I made four best girlfriends in high school. We were all on the cheerleading squad, and all had boyfriends who excelled in their sports. Two of the girls married their high school sweethearts; two of us didn’t, but married other great guys. The fifth in our group thought she’d marry her high school boyfriend, but there was drama.
We all marched in each other’s weddings and are still extremely close. The last one just got married and we had the best time! It was an awesome weekend event, so full of love and friendship.
That was in May; it’s now August and she has stopped talking to all of us. We have no idea why and don’t know what to do. We’ve all reached out, and the two who live closest have gone over to her house. Once no one was home; and the other managed to see her but she just gave her the cold shoulder, said she was busy and wouldn’t let her in.
What do we do?
You must keep trying. This is very out-of-the-ordinary behaviour and therefore you have reason to be worried. But there are many possible reasons, and without more information, it’s hard to know what’s going on.
If she’s unhealthy, or her husband is unhealthy, the truth will come out sooner than later, and they’re both going to need your support. If it’s something that needs immediate intervention, if he’s abusing her for example, you’ll need to get her safely away from him. So, don’t give up.
After so many years of friendship, you must have a relationship with her parents and/or siblings. Have you tried talking to them? They might be able to explain everything…. or they’ll appreciate that you four are there to help them figure out what’s going on. Band together. I have a feeling she’s going to need all the support she can get.
I have a really good friend whom I like a lot. We talk almost every day on the phone because we don’t live in the same city. But she’s always talking about herself. She’s a really nice person and has a lot going on. She’s a lot of fun to be around, and she makes me laugh on the phone.
She’s also always trying to make plans so we can actually see each other in person, and she’s very caring. It’s hard for me to make plans because I work long hours so I can save money to buy a house with my boyfriend.
I really do like her, but how can I get her to talk about something else besides herself?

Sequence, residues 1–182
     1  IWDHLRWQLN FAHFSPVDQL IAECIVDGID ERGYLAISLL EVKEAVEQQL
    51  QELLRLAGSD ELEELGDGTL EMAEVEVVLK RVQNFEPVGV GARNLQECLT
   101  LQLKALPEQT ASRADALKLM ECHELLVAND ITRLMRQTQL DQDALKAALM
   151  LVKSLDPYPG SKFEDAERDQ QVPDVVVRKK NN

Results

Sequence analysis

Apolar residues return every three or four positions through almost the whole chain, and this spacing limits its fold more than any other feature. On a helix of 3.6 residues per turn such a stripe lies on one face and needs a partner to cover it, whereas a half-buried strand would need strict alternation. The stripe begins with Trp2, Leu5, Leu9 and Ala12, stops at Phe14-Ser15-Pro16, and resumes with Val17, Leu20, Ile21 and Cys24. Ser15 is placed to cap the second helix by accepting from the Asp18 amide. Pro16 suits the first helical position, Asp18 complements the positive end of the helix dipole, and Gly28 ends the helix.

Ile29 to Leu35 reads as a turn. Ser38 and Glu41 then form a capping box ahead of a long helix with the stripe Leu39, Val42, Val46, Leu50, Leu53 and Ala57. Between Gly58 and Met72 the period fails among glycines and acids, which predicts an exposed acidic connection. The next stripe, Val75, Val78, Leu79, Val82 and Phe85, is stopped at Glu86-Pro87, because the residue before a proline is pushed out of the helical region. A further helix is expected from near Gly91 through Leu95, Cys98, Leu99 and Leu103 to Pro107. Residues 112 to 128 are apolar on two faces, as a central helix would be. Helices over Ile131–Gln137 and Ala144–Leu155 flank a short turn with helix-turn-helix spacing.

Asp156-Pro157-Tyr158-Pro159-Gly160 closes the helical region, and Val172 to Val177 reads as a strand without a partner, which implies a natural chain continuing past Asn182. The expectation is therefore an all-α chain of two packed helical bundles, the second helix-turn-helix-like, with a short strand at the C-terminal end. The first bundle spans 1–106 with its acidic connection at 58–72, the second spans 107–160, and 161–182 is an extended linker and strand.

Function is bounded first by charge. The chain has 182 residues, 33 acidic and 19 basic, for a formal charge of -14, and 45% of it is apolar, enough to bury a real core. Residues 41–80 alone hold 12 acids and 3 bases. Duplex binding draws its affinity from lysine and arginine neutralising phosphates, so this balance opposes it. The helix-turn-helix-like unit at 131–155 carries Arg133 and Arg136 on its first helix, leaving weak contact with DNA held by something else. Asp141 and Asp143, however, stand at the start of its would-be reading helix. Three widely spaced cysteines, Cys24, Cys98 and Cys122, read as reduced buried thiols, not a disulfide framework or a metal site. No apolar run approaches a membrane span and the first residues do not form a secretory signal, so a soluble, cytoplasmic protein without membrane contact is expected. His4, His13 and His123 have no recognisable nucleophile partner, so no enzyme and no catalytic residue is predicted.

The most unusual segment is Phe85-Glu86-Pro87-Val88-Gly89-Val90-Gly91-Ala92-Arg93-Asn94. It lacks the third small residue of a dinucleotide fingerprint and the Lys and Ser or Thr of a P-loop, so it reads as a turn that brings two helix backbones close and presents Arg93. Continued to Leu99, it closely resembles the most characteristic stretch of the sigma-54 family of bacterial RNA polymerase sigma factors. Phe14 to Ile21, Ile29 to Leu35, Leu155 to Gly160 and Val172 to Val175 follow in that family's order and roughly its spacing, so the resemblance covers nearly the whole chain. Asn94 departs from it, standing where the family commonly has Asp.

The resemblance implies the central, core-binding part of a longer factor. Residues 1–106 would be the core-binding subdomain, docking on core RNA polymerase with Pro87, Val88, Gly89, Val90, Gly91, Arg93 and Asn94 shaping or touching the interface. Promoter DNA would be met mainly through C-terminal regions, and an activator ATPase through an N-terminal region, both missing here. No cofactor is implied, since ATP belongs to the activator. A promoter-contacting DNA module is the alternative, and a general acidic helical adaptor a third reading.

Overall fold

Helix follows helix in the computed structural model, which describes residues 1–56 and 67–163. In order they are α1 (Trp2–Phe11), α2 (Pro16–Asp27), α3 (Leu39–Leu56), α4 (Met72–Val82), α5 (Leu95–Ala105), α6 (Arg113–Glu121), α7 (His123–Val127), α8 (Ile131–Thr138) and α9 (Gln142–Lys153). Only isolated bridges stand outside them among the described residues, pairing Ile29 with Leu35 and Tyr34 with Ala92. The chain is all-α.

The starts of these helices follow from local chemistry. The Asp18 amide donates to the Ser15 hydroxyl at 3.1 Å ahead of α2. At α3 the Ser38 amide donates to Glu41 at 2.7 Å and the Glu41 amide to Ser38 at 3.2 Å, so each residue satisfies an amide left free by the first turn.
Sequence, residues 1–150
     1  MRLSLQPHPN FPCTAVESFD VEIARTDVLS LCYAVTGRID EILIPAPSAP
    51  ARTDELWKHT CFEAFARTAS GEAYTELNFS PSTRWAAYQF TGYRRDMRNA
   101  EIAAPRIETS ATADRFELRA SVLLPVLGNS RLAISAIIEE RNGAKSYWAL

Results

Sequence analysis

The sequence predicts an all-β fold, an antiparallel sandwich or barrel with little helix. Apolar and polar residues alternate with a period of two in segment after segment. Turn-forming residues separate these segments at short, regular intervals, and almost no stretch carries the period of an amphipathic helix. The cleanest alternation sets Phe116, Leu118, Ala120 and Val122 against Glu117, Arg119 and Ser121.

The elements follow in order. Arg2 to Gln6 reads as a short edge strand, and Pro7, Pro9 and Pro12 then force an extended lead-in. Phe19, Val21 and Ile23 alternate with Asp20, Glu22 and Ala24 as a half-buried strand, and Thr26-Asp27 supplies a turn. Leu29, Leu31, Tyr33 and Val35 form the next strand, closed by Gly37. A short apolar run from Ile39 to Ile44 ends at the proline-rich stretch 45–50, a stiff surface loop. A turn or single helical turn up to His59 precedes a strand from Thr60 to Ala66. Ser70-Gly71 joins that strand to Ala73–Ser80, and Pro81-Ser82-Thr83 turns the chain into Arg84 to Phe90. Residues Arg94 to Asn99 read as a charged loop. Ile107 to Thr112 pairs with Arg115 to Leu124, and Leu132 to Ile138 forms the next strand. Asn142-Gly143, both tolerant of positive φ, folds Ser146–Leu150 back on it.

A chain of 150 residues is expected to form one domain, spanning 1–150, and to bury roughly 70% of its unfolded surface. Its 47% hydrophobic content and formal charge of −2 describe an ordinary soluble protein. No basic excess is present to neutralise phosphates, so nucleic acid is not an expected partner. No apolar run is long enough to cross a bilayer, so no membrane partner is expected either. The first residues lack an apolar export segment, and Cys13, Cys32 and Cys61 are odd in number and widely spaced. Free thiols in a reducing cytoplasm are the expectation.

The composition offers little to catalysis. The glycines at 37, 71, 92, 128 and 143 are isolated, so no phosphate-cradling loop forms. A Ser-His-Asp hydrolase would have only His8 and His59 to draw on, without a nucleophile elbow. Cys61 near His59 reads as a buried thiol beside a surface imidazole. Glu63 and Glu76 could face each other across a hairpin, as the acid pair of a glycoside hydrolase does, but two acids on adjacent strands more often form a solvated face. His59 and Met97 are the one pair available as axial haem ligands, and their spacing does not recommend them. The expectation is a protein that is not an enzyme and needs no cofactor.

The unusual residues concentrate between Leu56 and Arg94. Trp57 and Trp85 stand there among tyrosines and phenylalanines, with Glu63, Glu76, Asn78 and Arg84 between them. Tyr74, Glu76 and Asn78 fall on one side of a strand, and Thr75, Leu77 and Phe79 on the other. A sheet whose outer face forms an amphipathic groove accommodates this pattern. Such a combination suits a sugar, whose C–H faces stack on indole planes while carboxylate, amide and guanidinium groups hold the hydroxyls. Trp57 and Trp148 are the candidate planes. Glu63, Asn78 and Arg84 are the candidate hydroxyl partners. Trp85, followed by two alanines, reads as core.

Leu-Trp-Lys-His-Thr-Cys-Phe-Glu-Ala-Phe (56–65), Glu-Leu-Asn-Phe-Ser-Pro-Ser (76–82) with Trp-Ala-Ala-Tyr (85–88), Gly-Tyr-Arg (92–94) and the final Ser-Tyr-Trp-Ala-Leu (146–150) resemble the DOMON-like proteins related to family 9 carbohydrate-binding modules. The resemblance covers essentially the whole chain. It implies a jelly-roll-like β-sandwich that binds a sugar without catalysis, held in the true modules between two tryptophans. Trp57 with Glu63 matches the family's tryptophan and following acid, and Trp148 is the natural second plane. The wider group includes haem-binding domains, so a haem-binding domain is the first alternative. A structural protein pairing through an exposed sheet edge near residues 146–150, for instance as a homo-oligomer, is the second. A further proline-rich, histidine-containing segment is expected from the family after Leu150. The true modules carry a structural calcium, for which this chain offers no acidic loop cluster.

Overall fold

Not so interested
It’s great that you are working to save money to buy a house. That’s obviously your focus right now. Have you told your friend this information? If yes, why don’t you invite her to come to your neighbourhood and drive around with her. Get her input on houses you’re looking at. That will engage her in your life, as well as give you the chance to be together in person.
But if you haven’t told her, then why not? I suggest you do so she can be more conscious of your workday free time. I also suggest that when you speak with her, make sure you have something to ask (about her, her life, her work, her family), and something to say. If you don’t, just tell her you can’t speak and you’ll call her later. Sometimes you just need a break.
FEEDBACK Regarding the grandmother in hospital (July 23):
Reader – “Absolutely say nothing to the daughter. Don’t put the grandmother into that situation. This will only bring to light her immortality.
“The daughter and her ‘serious long-term boyfriend’ are obviously on the same page and making decisions together. Travel plans can wait. Her grandmother has limited time left.
“I would be proud of her daughter. How many stories are in this column where younger people seemingly show no regard for their elders?”
Lisi – Well, clearly, I agree and disagree with your feedback because my initial response was to talk to the grandmother. My understanding was that the grandmother was well aware of her mortality, wasting away in a hospital, and it was ‘only a matter of time.’
But I agree that it’s nice to hear about young people showing so much love and caring for the older generation. And you’re right, we usually don’t hear about that. More often, we get letters from lonely seniors.